Wyandottes are a wonderful moderately sized dual-purpose breed that is packed with personality. They are reliable layers throughout the year, and despite sometimes showing their slightly bossy nature, they can be good birds around children. Their thick plumage makes Wyandottes a great breed for cold climates, and their strong maternal instincts make them great mothers.
Good egg production
Good meat production
Cold climate hardy: Yes
Rare breed: No
Quantity: 4 eggs/hen/week
The Wyandotte breed was developed in America in the second half of the 19th century to serve the purposes of both meat and egg production. The breed was originally intended to be named the ‘American Sebright’, however, Wyandotte was chosen instead as a nod to the Wyandotte Indian Nation in the area in which the breed was developed.
Wyandottes are moderate to large-sized birds, weighing between 2.5-4kg (hens ~ 2.7kg; roosters ~ 3.8kg), making them good table birds. Despite being harder to find, bantam varieties are also available and weigh between 1-1.5kg. The large appearance of the popular show breed is accentuated by their feathery plumage which comes in a variety of colours. While only eight colour variations are recognised by the APA – silver laced, gold laced, black, white, buff, partridge, Columbian and silver pencilled – there are 17 known colour varieties. Of the known varieties, the original silver-laced variety is the most commonly found. Wyandottes are also reliable layers throughout the year, producing approximately 200 large, brown eggs a year.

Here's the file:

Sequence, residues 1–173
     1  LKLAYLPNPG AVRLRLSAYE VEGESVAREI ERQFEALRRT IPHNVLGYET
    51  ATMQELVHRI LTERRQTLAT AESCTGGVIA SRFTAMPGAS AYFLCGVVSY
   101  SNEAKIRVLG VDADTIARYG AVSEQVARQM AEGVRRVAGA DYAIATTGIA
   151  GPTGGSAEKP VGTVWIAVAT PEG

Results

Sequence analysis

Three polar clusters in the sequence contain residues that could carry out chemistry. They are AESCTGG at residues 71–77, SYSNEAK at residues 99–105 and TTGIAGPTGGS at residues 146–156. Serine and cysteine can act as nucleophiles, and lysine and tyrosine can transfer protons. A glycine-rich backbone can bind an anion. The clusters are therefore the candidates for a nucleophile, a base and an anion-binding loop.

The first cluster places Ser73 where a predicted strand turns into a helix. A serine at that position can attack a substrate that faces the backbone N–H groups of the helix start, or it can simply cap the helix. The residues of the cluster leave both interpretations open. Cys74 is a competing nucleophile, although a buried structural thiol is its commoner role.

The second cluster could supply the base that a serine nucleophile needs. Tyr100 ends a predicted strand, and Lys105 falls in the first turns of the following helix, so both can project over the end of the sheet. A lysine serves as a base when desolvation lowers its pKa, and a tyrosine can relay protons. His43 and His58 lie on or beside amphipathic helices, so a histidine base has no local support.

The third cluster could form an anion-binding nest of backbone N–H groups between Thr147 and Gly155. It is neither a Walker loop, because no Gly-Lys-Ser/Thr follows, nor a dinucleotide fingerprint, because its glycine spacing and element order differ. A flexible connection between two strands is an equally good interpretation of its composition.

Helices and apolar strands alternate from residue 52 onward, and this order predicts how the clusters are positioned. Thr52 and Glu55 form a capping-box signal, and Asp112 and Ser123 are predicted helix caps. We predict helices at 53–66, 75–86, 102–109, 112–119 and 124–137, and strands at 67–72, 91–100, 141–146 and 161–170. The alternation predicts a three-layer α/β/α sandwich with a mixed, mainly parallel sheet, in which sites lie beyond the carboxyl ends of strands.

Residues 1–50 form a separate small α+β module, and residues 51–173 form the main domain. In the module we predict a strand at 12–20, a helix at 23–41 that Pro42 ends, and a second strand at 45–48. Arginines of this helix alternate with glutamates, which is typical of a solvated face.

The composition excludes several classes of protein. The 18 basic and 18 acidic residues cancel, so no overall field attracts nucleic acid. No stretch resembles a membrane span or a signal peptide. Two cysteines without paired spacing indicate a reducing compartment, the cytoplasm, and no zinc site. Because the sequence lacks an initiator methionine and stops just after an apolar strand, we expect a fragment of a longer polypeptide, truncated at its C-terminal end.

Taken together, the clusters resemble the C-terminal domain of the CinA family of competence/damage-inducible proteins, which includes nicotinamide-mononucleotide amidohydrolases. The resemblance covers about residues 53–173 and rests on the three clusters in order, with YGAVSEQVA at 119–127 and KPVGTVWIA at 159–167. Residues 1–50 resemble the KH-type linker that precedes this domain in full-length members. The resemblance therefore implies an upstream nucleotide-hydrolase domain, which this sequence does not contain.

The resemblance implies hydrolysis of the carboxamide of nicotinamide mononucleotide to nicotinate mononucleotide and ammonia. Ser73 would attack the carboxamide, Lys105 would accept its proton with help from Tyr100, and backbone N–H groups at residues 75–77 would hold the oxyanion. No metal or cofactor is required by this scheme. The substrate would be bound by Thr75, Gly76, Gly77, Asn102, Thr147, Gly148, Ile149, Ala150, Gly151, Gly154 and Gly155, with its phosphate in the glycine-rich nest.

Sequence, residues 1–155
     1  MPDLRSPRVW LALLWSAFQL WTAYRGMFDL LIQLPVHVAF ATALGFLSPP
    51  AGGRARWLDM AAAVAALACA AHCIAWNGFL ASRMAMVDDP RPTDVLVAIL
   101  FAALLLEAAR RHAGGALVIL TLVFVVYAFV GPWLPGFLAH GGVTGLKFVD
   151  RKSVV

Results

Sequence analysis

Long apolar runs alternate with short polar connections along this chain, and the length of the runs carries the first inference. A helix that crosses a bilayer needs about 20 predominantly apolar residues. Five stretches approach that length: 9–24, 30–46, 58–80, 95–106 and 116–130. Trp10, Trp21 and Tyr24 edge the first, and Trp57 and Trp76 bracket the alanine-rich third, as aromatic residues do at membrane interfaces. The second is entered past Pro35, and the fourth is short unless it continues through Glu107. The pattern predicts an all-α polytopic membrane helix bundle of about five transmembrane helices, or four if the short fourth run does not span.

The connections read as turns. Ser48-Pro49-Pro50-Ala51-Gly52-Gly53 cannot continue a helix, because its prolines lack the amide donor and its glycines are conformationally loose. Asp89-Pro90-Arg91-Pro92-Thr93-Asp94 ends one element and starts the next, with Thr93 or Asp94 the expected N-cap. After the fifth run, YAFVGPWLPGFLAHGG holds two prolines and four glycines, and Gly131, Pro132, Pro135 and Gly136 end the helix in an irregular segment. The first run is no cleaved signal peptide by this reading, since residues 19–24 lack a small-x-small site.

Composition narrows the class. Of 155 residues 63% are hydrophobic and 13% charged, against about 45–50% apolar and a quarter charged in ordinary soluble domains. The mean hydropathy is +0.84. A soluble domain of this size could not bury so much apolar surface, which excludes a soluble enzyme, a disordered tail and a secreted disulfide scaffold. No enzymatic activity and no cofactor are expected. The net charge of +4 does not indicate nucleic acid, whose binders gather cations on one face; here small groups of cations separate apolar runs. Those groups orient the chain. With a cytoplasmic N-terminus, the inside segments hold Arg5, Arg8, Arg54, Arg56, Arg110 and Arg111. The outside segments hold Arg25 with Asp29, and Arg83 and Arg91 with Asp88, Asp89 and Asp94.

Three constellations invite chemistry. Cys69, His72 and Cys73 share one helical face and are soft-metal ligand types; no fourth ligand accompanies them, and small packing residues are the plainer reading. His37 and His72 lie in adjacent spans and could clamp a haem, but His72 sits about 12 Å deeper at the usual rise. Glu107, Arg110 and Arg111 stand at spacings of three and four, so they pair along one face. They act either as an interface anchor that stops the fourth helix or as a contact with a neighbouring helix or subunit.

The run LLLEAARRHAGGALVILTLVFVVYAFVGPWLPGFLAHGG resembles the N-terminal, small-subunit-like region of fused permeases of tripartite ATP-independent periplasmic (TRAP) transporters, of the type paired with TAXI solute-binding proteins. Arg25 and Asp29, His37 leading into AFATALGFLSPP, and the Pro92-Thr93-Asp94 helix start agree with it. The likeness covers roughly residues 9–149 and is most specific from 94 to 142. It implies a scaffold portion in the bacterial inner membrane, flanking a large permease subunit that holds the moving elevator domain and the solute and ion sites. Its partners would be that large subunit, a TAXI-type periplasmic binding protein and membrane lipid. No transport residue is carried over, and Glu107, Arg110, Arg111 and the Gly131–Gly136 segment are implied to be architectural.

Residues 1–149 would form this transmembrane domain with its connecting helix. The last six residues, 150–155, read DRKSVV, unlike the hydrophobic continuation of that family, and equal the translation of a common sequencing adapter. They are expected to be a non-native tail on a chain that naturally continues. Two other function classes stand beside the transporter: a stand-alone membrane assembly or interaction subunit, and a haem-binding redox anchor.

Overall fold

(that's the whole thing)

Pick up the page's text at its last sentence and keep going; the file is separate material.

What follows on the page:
Wyandottes are known for having strong and sometimes loud personalities. They have plenty of energy and are talkative while still being calm and laid-back birds. However, they rank relatively highly in the pecking order of a mixed flock and won’t be bossed around by other birds. This can mean that they tend to stick with other Wyandottes when in a mixed flock. Despite this tendency in their demeanour, they are good family birds, but aren’t likely to be as tameable as other family friendly dual-purpose breeds such as the Sussex.
While this breed can tolerate confinement, they flourish in environments where they can free-range and forage form worms and bugs to supplement their diet. Their thick plumage keeps them nice and warm during cold weather, making them particularly cold climate hardy. However, this can lead to them overheating in hotter climates, so it’s important to ensure they have ample shade and water. Finally, Wyandottes frequently go broody and make wonderful mothers should you choose to hatch your own chicks.